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Tannins & Trails, Big Reds & Singletrack in the South Okanagan

Posted on Aug 24, 2016 by Mountain Biking BC

Words & Photos by Sam Egan

This was not our first visit to the illustrious wine country of British Columbia’s South Okanagan with bikes in tow, and we’d learned a few hard lessons last year that paid off in spades on the second attempt. If you read no further, heed only the warning of Puncture Vine and bring plenty of tubes along for the ride.

True, there are countless spectacular wineries littering the hillsides between Oliver and Osoyoos as far as the eye can see and the Kettle Valley Rail Trail is rumoured to run through the area, but linking up a solid tour from the saddle is tricky and local single track options to justify toting your bike along are sparse at best. But both can be done, and done well, if properly equipped.

Where you choose to stay is of paramount concern if you’re planning on commuting on two wheels. Osoyoos is larger and better equipped than sleepy Oliver so odds are you’ll find better room rates in the former, but you’ll be faced with a heavy hill climb on a busy highway leading back into the city after your day sipping Merlot in the countryside.

If you’re up for the extra cardio and looking to sleep under the stars, a short stint past downtown Osoyoos will land you at a great camping option with heaps of private, waterfront sites at sẁiẁs Provincial Park. Oliver is much closer to the action and on level ground with the nearby wineries, but lodging is limited.

Many of the wineries also offer accommodation options, at a premium of course, and we uncharacteristically opted for the best view in town at the Hester Creek Villa.

Don’t underestimate the heat and exposed nature of the South Okanagan. The wineries along the way were all happy to fill our water bottles, and even topped them up with ice at Burrowing Owl, but the only reprieve from the unrelenting sun you’ll find on a clear day is between the vines. Watch out for Puncture Vine any time you stray from the beaten path, it’s worth repeating, this stuff lays in wait everywhere you want to be and will trash tubes in seconds.

After a day of tasting as many vintages as our two-wheeled balance allowed on day one, we went to bed with the notion of tackling a local trail down the road the following morning.

It’s been a chilly summer in the mountains we call home and perhaps we hadn’t quite acclimatized to the fact that we were in arguably the hottest spot in Canada, but rolling out of bed at 8am it was quickly evident that we’d missed the boat and would have to start a whole lot earlier to get any riding in before the notorious desert heat set in for the day.

Take two, out of bed a couple hours earlier and we opted to drive to the trailhead for McIntyre Bluff to save some time, which has been generously provided by the folks at Covert Farms for easy access right from their vineyard.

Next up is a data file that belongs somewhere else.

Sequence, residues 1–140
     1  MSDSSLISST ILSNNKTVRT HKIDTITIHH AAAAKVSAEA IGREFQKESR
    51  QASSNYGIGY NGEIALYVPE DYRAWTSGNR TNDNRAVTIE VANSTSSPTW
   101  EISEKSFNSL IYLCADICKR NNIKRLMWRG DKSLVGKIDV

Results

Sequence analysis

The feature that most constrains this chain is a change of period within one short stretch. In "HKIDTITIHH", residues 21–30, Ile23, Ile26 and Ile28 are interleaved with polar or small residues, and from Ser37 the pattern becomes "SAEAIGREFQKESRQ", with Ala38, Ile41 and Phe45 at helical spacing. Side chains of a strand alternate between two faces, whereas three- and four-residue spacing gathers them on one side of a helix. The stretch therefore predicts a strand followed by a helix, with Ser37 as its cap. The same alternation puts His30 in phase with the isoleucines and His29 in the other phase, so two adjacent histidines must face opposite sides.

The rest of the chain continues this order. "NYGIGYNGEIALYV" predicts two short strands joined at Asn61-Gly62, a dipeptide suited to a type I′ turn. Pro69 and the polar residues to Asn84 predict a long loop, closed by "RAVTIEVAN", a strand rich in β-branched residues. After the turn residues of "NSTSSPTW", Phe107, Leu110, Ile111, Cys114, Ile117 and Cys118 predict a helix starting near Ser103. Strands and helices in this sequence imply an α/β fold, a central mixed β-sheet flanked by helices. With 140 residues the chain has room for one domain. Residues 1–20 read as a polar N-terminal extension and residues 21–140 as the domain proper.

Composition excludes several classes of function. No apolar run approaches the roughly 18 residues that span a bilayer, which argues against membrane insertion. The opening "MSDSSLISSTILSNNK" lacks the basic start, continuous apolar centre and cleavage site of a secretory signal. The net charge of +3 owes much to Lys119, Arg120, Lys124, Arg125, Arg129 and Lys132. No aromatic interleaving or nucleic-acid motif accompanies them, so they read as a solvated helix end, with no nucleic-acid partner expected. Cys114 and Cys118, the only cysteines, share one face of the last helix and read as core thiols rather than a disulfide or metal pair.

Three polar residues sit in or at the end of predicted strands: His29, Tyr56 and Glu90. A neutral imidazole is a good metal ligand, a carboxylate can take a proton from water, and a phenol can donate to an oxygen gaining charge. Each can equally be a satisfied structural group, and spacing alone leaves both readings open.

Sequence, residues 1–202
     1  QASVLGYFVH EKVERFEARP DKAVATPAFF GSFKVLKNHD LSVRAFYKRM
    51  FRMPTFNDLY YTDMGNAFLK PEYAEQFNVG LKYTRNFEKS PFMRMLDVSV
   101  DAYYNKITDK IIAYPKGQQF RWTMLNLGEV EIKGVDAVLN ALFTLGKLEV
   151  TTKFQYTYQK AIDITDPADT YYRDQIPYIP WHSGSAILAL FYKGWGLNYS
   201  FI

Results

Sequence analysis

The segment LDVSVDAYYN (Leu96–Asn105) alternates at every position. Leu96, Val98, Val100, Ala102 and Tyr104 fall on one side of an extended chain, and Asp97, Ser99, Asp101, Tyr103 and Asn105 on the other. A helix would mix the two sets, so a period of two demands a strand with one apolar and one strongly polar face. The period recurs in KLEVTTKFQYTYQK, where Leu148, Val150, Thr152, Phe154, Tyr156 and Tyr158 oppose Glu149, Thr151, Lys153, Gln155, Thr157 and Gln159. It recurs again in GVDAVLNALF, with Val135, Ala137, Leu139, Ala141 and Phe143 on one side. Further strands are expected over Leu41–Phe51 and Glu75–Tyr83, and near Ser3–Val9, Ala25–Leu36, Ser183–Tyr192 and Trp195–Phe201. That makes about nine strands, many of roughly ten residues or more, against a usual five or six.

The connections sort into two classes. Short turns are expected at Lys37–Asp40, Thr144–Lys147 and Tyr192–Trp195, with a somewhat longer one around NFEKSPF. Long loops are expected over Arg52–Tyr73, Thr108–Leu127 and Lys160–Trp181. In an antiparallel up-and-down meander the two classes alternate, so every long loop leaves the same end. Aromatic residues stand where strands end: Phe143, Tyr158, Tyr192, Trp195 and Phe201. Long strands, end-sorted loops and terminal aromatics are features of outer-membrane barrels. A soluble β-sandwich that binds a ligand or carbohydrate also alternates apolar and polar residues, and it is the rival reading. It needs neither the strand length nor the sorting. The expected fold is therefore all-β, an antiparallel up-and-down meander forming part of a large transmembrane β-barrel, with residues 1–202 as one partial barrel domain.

You can’t miss the designated parking, from there you head through the farm to check in with the log book and collect your trail map, and wind through the gardens to the vineyards beyond.

We’d found the McIntyre Bluff trail on Trailforks as the closest single track in the nearby vicinity, with a big view promised as the reward, but after significant searching online access only seemed foggier.

Sometimes you just have to trust that the trailhead will present itself upon arrival, and Covert Farms have addressed this on their end with signage leading you through the eclectic property to a gate at the back. Across this threshold turn right as you cross into a rare bit of forest that skirts along the fence for a stint before reaching the White Lake Grasslands Protected Area boundary, where the trail widens to double track. There are additional trails in the Mahoney-White Lake area, accessible from a separate trailhead, if you’re looking for more mileage.

The ride up to Rattlesnake Lake is a moderate grade with mostly rocky double track, featuring big views of the surrounding bluffs and rolling vineyards below. Rattlesnake Lake itself isn’t much to behold and although we didn’t see any of eponymous creatures, the locale looked to be a perfect haven and we didn’t go searching.

Beyond this landmark the trail tightens to single track and weaves through a scrubby forest, before you clear the woods once again and begin your ascent amongst the sagebrush.

By 8:30am there wasn’t a tree or cloud in sight to hide from the already sweltering sun and we bailed out just shy of McIntyre Bluff proper, choosing instead to pin it back for breakfast at Hester Creek which we were already dangerously close to missing. 

The descent was a blast and the rolling trail provided plenty of tech and flow on the higher reaches that make it well worth the climb, and high speeds below the lake where the trail opens back into double track.

We were back at the car in no time with AC cranked and a well deserved breakfast in sight. The day proved to be a scorcher and we opted to leave the bikes behind to sample some of the areas cold beverages, for between vineyards rich orchards abound, and a number of cideries have answered the call to ferment that rich bounty. The tasting rooms for these venues are comparably humble in relation to the surrounding wineries and you’ll need to watch closely for our local favourite, Faustino Estate Cidery, a single room on the side of the highway packing a big punch. 

A dip in Osoyoos Lake at sẁiẁs Provincial Park took the mid-afternoon edge off and we headed back to Oliver for round two of spicy take-out curries from Best of India, to be later devoured alongside a mouth-watering bottle of Kismet Cabernet Sauvignon while watching the sunset from our villa patio on our final evening in wine country.